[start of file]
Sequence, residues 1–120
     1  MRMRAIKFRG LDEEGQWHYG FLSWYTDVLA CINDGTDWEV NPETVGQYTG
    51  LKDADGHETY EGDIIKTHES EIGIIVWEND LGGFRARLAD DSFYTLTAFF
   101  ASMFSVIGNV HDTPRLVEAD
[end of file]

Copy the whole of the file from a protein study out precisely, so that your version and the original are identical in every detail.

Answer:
Sequence, residues 1–120
     1  MRMRAIKFRG LDEEGQWHYG FLSWYTDVLA CINDGTDWEV NPETVGQYTG
    51  LKDADGHETY EGDIIKTHES EIGIIVWEND LGGFRARLAD DSFYTLTAFF
   101  ASMFSVIGNV HDTPRLVEAD